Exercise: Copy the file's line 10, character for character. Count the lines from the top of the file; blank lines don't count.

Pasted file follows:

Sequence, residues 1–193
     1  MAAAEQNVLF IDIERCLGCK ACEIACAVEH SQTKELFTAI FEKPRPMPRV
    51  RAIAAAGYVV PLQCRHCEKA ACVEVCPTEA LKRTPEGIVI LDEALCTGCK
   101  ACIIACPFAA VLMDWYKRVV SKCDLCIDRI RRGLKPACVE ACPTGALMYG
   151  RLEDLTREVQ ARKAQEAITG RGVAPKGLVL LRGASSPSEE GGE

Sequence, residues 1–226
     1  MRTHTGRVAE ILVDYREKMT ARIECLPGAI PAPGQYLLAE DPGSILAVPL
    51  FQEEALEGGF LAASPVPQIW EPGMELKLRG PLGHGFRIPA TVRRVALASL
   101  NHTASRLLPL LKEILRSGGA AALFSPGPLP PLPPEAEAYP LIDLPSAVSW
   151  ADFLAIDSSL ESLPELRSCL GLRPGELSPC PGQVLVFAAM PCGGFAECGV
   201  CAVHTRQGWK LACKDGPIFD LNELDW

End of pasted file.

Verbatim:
   151  ADFLAIDSSL ESLPELRSCL GLRPGELSPC PGQVLVFAAM PCGGFAECGV